At the start of this type of study the epidemiologists have to determine how they're going to "stratify" the data.  What are the important differentials and what sorts of factors do we expect to not matter much or  average out over time?

The more a study slices and dices and the more factors we track the more the study costs.  There are a number of things we aren't stratifying on, but the expectation is, those things are not very important to understanding the dose response effect.   

Now to the pseudo-study. The author is saying that because background cancer rates change over time depending on prefecture, that the A-bomb study has systematic bias. 

Do NOT be distracted by "differences in prefectures".  The focus is might there be something that will influence the dose response effect between the exposed and unexposed groups.  Things which really have a chance of doing so are called confounders.  The people in the A-bomb study are living throughout Japan. Some may move every few years.  They may live in one prefecture and work in another,, etc. So these background cancer variations, BASED ON PREFECTURES are expected to be washed out overall.  One can imagine a worse case scenario where all the people just happen to be located in the worse possible locations throughout the entire study, such that we get a significant systematic error, but  not too likely.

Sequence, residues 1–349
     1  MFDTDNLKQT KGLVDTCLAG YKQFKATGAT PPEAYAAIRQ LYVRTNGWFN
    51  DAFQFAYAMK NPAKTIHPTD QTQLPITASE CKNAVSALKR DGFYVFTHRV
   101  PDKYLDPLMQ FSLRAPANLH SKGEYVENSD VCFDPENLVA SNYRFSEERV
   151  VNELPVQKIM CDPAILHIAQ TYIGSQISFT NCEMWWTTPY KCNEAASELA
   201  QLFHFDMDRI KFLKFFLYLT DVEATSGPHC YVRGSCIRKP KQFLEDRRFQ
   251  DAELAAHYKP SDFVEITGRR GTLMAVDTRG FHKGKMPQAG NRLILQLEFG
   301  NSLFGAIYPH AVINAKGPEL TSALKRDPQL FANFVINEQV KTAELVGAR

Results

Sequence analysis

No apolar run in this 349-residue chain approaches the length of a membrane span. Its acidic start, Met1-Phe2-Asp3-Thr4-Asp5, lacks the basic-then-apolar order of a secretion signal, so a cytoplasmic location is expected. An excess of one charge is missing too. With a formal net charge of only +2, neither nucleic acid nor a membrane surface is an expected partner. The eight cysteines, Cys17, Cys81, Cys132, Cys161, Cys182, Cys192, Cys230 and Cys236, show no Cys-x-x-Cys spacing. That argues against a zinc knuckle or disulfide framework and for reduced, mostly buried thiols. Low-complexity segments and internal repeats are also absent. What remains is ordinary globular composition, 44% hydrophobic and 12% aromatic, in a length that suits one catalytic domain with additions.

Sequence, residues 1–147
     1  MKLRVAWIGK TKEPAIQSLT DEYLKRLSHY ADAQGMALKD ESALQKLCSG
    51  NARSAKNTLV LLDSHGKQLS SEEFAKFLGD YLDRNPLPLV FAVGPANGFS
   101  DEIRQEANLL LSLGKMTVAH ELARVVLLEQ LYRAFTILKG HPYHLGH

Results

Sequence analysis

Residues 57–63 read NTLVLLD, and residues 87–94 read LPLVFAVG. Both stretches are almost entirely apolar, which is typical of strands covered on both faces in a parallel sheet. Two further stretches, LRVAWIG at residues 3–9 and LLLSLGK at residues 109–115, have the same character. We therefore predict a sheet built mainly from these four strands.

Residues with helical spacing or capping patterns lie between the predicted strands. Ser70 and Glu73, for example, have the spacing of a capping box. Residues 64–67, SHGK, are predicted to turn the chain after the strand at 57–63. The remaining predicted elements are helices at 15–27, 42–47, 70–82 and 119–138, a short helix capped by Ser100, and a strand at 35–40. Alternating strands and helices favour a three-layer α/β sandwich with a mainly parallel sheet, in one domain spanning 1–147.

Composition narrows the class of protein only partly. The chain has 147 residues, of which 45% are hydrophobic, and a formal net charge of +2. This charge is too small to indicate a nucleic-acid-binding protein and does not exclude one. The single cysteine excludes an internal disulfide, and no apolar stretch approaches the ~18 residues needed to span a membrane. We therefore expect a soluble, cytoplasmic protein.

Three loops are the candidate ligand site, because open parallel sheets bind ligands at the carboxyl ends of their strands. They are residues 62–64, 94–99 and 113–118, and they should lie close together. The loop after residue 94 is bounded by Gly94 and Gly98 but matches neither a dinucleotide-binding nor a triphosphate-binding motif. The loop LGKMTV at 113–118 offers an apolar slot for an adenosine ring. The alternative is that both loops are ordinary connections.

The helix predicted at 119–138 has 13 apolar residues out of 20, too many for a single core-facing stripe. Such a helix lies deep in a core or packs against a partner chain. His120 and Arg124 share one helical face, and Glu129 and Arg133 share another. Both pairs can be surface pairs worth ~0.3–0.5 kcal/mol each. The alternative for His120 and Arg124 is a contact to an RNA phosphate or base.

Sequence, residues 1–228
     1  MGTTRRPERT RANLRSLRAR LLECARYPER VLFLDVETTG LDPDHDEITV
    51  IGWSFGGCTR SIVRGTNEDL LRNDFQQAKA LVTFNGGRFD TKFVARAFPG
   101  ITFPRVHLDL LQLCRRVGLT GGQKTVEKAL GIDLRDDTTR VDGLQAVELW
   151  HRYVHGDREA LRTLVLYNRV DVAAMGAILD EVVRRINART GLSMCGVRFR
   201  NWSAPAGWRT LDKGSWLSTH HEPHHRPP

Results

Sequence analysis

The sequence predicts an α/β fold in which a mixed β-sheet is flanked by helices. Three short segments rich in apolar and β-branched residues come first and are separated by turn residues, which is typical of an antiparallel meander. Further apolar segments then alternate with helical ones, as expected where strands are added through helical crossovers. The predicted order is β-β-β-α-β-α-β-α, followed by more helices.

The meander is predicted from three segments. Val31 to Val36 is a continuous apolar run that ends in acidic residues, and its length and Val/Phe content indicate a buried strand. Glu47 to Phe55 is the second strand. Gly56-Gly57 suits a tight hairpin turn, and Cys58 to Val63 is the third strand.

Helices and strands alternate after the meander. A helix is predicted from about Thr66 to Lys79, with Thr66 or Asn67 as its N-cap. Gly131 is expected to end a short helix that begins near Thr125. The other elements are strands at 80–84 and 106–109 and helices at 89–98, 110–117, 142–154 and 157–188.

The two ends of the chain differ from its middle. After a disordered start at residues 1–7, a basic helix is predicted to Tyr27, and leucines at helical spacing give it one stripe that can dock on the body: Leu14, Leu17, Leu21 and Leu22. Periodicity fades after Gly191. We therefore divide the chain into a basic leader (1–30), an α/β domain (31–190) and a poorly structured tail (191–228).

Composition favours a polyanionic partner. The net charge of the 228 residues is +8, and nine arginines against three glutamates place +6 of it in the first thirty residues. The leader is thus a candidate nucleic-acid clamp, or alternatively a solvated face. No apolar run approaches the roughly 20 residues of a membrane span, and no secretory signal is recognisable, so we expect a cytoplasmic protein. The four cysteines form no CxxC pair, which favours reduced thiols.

But of course we know what the author's agenda is.  He wants to show hormesis (bias), so out of lots of different potential confounders, he magically picks one (cancer rate differences by prefecture), and gets the graph to look just the way he originally expected it should to begin with.  If he couldn't do so, he would have concocted some other underlying difference, and tried again.  That's agenda-based, cherry picking.  Can you see the irony in this, being the subject is about bias?  This is basically numerology, not science.  This is how people find Biblical hidden messages...they apply different coding patterns to the text until by chance every here and there some word is formed that meets their expectations, and viola, Jesus has hidden messages!